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Business & Technology
Monday | 08 April, 2013 | 1:11 pm

Status update

By Gretchen Salois

In a wireless workplace, it’s impossible to ignore social media’s role in manufacturing

April 2013 - The saying, “image is everything,” holds true in many regards when surfing the Web. A company’s website is a modern-day business card and it takes some know-how to figure out how to approach online onlookers and captivate their interest. Social media is a prevalent force, and that means more than simply having a website or Facebook account. It means having a strategy in place—and more and more companies are investing in this evolving part of the industry.

The manufacturing industry is adjusting as customer demands include online resources. “I think that social media as a whole has been a difficult tool set for the manufacturing sector to embrace,” says Scott Fasse, vice president of marketing at United Performance Metals, Hamilton, Ohio. “Understanding the application of tools like LinkedIn and YouTube is fairly straightforward and as a result, they have become more common in the sector.

“Other tools like Facebook and Twitter are capable of providing benefits but will require a more creative approach,” he continues. Indeed the latter of those applications involves a daily commitment to relevant interesting updates and concise nuggets of information. In an arena where quantity of posts overshadow quality of content, it can be tricky to discern what messages will spark the interest of clients and customers.

Selling strategy

Figuring out a target audience is just the beginning. Adhering to a social media strategy requires time. “The importance of an interactive, easy-to-use website has increased exponentially in the past two years,” Fasse says. “We are seeing the emergence of the next generation of purchasing managers and engineers—a group that has grown up with the Internet. For this generation, the Internet is not seen as a tool; for them it is the way business is conducted.”

Businesses are emerging to handle the growing demand to have an efficient and effective online presence geared toward the manufacturing sector. “Prior to the recession, fewer industrial/B2B companies were interested in social media,” says Philip Paranicas, director of digital media at ThomasNet, New York. He adds that at the time, it was an emerging marketing tool. “The recession has helped fuel the popularity of social media and other digital strategies since companies are looking for new ways to expand their reach and maintain or grow their businesses.”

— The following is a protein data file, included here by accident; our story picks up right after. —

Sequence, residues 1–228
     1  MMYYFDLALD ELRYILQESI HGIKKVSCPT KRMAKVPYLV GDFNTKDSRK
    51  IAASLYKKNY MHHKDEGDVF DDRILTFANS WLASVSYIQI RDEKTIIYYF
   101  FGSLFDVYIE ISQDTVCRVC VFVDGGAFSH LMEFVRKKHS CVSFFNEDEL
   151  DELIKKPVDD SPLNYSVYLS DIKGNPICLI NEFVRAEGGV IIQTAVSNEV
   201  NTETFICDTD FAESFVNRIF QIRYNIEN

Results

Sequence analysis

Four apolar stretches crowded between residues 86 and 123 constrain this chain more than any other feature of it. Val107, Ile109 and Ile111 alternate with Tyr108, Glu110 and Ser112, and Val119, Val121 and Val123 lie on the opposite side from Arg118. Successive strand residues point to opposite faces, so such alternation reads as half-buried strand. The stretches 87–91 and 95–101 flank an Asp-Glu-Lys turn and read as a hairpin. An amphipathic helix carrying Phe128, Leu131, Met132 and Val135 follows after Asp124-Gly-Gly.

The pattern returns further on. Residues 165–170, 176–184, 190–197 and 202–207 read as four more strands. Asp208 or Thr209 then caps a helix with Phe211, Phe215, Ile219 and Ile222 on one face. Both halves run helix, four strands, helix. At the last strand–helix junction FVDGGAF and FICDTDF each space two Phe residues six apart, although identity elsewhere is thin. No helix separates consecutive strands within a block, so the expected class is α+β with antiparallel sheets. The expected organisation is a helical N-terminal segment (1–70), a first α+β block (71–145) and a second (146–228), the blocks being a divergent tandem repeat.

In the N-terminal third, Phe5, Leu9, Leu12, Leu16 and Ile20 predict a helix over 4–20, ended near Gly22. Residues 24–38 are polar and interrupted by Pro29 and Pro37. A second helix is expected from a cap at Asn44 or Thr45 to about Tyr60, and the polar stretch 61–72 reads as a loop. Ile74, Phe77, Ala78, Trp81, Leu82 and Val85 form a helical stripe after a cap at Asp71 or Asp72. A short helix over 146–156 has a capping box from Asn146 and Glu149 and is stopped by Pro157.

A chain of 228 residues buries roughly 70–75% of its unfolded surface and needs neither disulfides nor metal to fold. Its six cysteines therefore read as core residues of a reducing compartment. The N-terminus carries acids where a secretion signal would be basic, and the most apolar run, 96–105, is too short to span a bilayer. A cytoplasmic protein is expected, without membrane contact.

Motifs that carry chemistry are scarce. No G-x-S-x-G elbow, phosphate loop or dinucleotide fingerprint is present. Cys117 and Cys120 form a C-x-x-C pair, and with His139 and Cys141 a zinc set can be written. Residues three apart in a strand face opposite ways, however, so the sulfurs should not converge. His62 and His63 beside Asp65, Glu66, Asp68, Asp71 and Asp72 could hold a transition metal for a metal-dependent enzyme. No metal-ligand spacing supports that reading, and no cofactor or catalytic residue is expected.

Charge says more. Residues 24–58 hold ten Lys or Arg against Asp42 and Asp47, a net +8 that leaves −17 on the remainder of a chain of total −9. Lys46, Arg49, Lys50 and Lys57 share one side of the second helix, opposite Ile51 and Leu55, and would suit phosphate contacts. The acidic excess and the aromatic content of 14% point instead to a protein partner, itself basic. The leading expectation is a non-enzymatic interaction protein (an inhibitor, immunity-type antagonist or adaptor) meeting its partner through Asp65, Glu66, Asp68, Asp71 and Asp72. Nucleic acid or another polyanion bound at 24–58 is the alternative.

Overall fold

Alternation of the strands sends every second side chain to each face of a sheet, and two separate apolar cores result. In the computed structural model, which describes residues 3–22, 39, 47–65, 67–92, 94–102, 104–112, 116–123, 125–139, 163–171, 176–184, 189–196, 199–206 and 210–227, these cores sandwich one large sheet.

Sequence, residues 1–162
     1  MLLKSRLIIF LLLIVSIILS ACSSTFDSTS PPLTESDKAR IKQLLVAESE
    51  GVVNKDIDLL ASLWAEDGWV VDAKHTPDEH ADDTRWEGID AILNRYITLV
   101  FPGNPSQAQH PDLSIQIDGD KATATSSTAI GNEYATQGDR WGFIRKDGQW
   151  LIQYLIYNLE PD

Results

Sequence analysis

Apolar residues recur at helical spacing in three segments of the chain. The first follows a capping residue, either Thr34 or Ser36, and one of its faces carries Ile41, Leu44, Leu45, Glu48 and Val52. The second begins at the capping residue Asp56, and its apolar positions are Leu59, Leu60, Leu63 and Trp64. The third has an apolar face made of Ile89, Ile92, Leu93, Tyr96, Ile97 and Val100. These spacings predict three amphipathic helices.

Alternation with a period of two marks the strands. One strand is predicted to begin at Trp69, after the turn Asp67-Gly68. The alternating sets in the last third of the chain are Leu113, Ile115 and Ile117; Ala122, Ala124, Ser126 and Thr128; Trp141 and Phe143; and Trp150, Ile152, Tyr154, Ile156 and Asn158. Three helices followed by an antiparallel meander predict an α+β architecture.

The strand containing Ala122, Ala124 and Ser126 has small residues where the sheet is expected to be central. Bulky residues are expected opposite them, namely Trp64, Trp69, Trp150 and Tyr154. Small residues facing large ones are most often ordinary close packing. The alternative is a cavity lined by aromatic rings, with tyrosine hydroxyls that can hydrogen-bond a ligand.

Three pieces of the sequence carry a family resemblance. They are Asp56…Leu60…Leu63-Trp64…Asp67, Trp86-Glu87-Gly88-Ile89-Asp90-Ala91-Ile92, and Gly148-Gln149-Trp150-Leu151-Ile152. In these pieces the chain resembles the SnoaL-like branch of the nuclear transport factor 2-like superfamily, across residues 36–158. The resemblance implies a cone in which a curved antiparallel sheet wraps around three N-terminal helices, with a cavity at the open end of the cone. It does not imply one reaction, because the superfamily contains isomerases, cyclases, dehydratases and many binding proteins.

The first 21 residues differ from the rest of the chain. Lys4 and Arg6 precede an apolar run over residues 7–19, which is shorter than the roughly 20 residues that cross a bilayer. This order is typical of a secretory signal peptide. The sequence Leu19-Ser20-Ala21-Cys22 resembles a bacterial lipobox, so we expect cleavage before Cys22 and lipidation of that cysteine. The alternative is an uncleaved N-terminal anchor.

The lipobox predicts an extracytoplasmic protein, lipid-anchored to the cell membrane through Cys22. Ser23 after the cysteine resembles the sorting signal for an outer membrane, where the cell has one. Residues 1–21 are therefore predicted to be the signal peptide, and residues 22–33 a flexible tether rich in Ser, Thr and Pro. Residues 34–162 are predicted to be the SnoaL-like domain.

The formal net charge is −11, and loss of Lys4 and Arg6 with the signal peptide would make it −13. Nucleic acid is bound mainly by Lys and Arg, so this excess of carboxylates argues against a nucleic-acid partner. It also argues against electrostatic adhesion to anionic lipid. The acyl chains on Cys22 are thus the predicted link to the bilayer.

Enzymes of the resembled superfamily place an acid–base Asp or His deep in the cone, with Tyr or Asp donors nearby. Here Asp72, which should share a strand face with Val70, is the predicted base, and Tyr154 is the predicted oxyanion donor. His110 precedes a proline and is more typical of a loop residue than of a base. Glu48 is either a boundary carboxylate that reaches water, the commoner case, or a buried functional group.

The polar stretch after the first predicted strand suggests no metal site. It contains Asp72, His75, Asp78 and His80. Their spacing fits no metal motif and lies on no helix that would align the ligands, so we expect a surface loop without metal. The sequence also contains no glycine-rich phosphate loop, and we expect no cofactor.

ThomasNet offers a website, to help suppliers and others in the manufacturing industry source raw materials, such as metals, as well as different components, equipment, and maintenance, repair and operations products. The company also works directly with suppliers, product and custom manufacturers, distributors and service providers to develop Internet strategies with services such as content-rich websites with online catalogs, CAD models and project portfolios. Emailing marketing campaigns and social media strategies also make up a large part of its offerings. 

Social media in particular requires “constant feeding,” says Paranicas. The process includes goal setting, writing unique content for each company, including blogs and posting to LinkedIn, Twitter, Google+, and Facebook etc. “[Many of our customers] want to be engaged in a meaningful way, wherever their prospects are,” Paranicas says. “Other manufacturers are coming to us for the first time because they don’t have the expertise or resources to develop and execute an effective social media strategy on a consistent basis.”

Paranicas uses an example of a current customer, Continental Steel and Tube Co., Fort Lauderdale, Fla., that needed a social media strategy. The company sells steel, titanium and aluminum products for aerospace manufacturers, automakers, defense contractors and other markets. “About 95 percent of their business comes from a website ThomasNet developed for them,” Paranicas says. “As new generations of their prospects and customers engage with suppliers through social media, Continental needs to be there as well. Now the company has a unified brand presence on the Web and through social media, too.”

Fasse agrees focusing on social media is inevitable. Social media and other forms of online communication have become an essential part of managing customer relationships. “For many customers, it has become an expectation that your website will not only provide ample information but also the ability to carry out transactions. 

“Social media holds the potential of not only providing the catalyst to keep customers returning to your website, but another opportunity to penetrate the barriers that today’s technologies afford purchase managers and decision-makers,” Fasse continues. The opportunities to cement relationships with lunches, dinners, trips to the golf course or even a phone call, for that matter, are becoming much more difficult to obtain. Companies that are creative enough to leverage social media as another tool to build customer relationships will be the winners. Properly executed, social media could be the entry that paves the way for a phone call or personal visit.” MM 

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